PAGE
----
Turning Dreams into Plans
Having grown up near the campus of Tuskegee University, Jasmine McDonald was taught the importance of higher education at an early age. “My late grandparents were very college and academics-oriented, so a question that has driven me throughout my education has been ‘How will I make them proud of me?'” she says.
McDonald, who graduated in May with a B.S. in Chemistry, has done a lot to be proud of during her UMBC years. As a Meyerhoff scholar working in Dr. Michael Summers’ Howard Hughes Medical Institute (HHMI) lab, she was part of a research team whose findings were published in The Journal of Molecular Biology.
She also worked in the Boulder, Colorado, HHMI lab of Nobel Prize winner Dr. Thomas Cech. Back at home, she has spent her past year doing research in the Molecular Microbiology and Immunology Department of the Johns Hopkins Bloomberg School of Public Health. Last summer took her to Connecticut, where she worked for Pfizer Global Research and Development.
Over the past two years, McDonald honed her leadership skills as president of UMBC’s Golden Key International Honors Society, which she led through two community service projects per month. She also participated in various service projects through the Meyerhoff program, ranging from picking spinach for the homeless on Maryland’s Eastern Shore to clearing the grounds of a historic park with a machete. Her hard work and dedication was recognized by Golden Key, which awarded her its Mid-Atlantic Region Leadership Award.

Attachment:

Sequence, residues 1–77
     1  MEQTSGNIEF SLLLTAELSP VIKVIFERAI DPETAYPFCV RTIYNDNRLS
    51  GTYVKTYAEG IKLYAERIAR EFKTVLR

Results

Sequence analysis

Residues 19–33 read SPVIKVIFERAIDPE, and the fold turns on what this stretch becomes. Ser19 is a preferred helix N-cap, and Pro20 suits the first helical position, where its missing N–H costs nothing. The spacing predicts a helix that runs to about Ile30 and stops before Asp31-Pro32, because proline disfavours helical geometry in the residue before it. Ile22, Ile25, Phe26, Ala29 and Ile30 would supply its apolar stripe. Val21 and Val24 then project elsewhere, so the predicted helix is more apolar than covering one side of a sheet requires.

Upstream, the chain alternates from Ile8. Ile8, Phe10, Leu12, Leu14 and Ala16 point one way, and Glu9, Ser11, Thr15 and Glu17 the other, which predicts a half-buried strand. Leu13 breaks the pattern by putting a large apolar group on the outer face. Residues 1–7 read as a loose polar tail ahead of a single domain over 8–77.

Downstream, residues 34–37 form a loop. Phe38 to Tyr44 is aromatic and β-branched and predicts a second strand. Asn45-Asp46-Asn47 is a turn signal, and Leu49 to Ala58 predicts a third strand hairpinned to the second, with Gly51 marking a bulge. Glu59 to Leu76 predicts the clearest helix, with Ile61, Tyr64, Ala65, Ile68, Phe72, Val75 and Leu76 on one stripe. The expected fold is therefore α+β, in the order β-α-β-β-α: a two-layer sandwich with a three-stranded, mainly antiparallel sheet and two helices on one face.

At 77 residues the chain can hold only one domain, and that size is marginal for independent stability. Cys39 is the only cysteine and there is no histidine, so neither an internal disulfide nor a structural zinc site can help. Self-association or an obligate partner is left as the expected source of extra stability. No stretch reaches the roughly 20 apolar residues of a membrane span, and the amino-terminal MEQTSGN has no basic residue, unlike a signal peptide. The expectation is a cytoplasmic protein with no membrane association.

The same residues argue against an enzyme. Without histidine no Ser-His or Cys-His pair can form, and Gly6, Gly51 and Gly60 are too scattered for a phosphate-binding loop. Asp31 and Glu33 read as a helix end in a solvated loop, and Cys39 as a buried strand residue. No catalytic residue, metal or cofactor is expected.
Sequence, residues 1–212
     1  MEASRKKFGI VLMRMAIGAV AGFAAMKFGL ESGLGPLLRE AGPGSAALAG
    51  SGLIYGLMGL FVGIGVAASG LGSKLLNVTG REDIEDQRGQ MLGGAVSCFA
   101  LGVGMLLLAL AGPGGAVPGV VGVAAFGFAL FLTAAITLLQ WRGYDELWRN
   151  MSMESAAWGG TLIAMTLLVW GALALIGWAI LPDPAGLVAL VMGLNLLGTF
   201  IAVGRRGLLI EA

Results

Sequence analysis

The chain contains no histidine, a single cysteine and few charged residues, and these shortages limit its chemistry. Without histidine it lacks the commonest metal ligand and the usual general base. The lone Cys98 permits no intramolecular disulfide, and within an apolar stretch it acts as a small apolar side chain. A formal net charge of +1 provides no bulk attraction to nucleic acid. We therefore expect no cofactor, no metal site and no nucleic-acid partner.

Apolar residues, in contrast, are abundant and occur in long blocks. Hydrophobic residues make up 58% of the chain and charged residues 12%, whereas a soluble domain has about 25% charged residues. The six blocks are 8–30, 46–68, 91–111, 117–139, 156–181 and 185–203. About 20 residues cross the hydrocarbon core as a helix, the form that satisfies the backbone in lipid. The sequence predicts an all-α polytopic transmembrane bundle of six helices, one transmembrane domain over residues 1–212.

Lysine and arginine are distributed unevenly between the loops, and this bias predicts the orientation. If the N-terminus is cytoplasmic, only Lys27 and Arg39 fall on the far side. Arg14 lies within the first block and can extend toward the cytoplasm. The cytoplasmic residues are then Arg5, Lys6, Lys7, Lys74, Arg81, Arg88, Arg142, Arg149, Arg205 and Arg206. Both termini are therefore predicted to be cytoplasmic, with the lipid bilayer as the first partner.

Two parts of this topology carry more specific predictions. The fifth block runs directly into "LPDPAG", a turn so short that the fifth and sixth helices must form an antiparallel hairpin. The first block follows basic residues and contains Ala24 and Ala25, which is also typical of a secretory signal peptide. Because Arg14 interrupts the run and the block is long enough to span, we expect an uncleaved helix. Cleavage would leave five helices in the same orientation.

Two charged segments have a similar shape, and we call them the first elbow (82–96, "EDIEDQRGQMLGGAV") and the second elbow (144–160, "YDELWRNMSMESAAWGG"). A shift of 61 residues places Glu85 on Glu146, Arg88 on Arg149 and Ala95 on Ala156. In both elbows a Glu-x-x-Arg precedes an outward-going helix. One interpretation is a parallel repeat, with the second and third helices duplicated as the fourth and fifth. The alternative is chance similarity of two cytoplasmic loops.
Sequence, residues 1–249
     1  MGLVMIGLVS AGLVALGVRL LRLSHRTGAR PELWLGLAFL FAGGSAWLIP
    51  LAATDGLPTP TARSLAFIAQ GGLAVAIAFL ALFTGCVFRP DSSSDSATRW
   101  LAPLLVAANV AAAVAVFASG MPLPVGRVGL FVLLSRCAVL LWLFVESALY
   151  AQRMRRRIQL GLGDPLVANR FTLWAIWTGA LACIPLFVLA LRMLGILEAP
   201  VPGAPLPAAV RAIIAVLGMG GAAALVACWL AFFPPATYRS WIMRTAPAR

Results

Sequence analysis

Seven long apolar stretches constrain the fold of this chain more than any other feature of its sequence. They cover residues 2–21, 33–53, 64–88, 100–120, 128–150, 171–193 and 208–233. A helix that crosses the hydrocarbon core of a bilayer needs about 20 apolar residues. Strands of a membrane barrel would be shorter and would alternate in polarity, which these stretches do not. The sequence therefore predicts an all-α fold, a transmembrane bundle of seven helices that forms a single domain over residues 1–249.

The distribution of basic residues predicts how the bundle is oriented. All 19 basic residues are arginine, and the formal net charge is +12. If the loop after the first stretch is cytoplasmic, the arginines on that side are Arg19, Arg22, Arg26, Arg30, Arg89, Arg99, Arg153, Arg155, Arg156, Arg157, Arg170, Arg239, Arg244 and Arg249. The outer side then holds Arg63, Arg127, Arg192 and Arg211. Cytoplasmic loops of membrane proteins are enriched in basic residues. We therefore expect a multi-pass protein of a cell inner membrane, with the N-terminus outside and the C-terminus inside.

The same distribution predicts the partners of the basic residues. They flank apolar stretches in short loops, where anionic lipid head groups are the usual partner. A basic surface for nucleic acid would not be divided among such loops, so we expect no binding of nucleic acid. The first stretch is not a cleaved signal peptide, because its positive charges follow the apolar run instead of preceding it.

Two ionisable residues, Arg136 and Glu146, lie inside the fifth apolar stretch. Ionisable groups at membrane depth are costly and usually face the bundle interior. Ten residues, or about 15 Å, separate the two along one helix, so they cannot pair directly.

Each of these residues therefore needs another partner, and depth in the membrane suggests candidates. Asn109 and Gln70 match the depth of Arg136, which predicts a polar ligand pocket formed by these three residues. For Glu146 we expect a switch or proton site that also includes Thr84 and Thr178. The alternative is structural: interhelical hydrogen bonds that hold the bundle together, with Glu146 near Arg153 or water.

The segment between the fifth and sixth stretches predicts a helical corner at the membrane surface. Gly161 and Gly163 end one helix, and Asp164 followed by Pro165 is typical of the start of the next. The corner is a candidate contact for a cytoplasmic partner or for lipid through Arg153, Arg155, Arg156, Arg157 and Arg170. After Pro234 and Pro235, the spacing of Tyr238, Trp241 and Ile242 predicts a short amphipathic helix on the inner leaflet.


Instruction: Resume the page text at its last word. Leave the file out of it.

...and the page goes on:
As she prepares for her next step, McDonald’s late grandparents indeed have even more to be proud of. She’s headed to Harvard on a Prize Fellowship to pursue her Ph.D. in immunology and infectious diseases.
“During my time at UMBC I’ve been able to turn my dreams into plans,” McDonald says. “I feel fortunate to have made my grandparents’ hard work pay off. They’re looking down right now and glowing.”